Subsequent exchanges amplified the point further:
“Lord Harris of Haringey:
My Lords, I am grateful to the Minister for that reply. Is it the view of Her Majesty’s Government that there is a world of difference between a drone operated remotely from several hundred or thousands of miles away and one that is automatic and involves no human intervention before it discharges? In that context, will he tell us a bit more about the Mantis development by BAE Systems, which I understand is supported and funded by the UK’s Ministry of Defence, which the BAE Systems website describes as,
“Able to fly by itself, able to think for itself”?
Lord Astor of Hever:
My Lords, I agree with the noble Lord. As I said in the original Answer, the UK complies fully with its obligations under national and international law, and that applies to autonomous weapon systems. However, although technological advances are likely to increase the level of automation in some systems, just as in non-military equipment, such as cars, the MoD currently has no intention of developing systems that operate without human intervention.
As for Mantis, the MoD initiated a jointly funded advanced concept technology demonstrator in 2008, which led to flight trials in 2009. The MoD has no current involvement in BAE Systems’ Mantis advanced concept technology demonstrator.
Lord Lee of Trafford:
Does my noble friend agree with the comments of a senior RAF officer who said very recently that come 2020 the Royal Air Force would be something like 50% manned aircraft and 50% UAE or drones?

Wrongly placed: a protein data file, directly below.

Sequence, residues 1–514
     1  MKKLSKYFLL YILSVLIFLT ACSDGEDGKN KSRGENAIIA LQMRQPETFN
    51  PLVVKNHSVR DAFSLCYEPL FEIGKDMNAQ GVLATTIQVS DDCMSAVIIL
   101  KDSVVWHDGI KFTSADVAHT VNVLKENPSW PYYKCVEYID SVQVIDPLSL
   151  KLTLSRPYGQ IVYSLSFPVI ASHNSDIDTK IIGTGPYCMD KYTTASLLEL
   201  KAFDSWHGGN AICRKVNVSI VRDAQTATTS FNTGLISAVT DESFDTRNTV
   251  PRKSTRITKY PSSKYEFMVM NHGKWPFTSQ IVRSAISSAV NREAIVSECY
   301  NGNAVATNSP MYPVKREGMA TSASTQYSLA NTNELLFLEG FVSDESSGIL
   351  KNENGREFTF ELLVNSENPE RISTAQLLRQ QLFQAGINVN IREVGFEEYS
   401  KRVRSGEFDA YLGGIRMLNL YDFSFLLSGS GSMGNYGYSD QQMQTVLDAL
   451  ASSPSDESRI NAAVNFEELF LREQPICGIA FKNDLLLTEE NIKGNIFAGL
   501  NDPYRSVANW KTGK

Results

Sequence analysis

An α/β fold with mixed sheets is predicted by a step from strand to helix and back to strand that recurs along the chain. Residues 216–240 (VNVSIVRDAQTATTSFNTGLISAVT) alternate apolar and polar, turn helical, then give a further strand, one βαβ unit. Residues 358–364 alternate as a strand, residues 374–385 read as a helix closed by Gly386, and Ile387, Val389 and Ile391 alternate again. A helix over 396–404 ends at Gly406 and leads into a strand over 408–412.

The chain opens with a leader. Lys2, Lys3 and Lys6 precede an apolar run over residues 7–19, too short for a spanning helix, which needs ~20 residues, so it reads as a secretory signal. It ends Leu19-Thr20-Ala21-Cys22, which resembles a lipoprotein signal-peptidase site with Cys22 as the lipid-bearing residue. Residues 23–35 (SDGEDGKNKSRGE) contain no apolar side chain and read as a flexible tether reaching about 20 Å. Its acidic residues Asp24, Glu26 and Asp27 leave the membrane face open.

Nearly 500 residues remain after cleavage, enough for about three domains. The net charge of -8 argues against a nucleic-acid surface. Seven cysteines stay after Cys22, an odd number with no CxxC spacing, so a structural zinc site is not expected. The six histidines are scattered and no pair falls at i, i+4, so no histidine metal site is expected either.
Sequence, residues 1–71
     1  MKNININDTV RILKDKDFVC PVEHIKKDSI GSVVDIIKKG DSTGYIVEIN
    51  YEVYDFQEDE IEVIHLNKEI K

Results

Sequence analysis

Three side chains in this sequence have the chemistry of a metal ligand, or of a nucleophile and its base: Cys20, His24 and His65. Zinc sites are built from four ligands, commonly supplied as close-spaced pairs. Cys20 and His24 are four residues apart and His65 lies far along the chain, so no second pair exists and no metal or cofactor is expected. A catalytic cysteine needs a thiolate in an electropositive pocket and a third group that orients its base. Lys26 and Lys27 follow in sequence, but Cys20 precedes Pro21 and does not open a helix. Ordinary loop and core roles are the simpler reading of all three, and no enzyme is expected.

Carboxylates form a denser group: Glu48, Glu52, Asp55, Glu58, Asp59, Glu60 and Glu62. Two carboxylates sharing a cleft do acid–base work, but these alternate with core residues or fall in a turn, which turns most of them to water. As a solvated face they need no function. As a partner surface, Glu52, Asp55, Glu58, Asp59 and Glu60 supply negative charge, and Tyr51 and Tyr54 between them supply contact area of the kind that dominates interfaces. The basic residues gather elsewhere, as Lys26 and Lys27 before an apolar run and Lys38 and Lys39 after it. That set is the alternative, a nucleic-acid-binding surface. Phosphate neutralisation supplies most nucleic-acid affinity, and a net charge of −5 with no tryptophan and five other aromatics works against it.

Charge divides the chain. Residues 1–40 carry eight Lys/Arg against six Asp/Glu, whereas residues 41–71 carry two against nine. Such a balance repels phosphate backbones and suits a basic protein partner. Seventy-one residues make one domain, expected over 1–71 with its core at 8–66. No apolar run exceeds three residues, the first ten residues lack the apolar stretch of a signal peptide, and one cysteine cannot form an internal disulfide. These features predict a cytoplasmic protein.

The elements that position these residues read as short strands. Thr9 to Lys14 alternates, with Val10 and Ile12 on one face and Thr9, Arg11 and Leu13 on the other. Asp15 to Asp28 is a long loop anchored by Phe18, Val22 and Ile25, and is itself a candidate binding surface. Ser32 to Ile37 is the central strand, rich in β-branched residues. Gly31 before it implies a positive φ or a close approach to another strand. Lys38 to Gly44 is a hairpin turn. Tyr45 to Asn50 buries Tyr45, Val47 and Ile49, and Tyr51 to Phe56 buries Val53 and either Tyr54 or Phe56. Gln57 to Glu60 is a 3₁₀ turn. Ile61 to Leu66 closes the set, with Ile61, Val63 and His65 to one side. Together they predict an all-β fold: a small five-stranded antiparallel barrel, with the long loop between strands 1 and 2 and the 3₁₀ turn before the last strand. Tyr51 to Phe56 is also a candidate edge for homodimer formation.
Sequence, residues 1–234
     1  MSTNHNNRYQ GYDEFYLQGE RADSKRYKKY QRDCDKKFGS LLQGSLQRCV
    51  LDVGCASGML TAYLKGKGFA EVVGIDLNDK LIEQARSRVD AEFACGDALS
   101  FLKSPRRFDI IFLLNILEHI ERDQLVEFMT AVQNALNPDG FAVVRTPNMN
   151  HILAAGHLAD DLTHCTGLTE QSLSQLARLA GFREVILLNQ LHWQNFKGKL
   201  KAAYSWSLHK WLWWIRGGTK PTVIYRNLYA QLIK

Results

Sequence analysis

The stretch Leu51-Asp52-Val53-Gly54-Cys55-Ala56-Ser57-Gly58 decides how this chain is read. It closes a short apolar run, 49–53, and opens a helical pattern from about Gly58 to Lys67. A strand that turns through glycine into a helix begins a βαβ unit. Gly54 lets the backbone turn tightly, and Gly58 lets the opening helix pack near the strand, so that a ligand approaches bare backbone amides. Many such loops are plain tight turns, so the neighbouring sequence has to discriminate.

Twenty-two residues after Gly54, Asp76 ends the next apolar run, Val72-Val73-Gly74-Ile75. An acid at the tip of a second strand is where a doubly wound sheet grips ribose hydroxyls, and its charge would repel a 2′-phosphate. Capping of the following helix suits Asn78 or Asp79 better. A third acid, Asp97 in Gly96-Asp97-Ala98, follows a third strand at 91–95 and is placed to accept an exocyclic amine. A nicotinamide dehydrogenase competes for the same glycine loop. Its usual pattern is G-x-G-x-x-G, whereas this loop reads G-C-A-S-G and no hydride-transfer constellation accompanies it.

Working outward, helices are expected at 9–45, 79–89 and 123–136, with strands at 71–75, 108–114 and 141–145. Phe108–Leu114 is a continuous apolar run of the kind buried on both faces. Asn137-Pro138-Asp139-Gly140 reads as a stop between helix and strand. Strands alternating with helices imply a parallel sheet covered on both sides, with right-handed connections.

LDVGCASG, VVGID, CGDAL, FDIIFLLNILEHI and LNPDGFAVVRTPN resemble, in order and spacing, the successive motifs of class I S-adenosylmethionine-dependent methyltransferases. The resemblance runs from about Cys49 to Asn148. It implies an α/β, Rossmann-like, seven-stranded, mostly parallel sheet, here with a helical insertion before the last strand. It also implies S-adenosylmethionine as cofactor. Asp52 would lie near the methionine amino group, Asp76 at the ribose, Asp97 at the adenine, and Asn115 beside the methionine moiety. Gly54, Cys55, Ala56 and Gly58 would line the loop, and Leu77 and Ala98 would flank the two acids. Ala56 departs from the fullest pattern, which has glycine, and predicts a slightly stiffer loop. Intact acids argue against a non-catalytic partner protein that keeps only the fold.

Lord Astor of Hever:
My Lords, remotely piloted aircraft systems are likely to form part of the future force mix, as they may offer advantages in endurance and range. However, the dynamic complexity of fighter-versus-fighter-type missions does not favour remote control. Therefore, a wholly unmanned force is unlikely to be achievable or desirable in future. Studies suggest a likely combat air force mix of two-thirds manned and one-third remotely piloted in around the 2030 timeframe.
There is a perception that unmanned technology is shrouded in secrecy. Although the rules of engagement for unmanned aerial vehicles are the same as those for manned aircraft, there is surely a case for the United Kingdom taking the lead by considering having a code on the context and limitations of usage of UAVs to clarify the rules, given the significance and spread of this technology. Is this a point that the Government are considering or will consider?
Lord Astor of Hever:
My Lords, I shall certainly take that question back to my department and get back to the noble Lord. We always make sure that equipment is used appropriately. Even after a weapon system is declared lawful, its use will still be subject to stringent rules of engagement governing its employment in the context and specific circumstances of the operation in question. Those rules of engagement as well as addressing legal issues can, as a matter of policy, be more restrictive than the applicable law. ….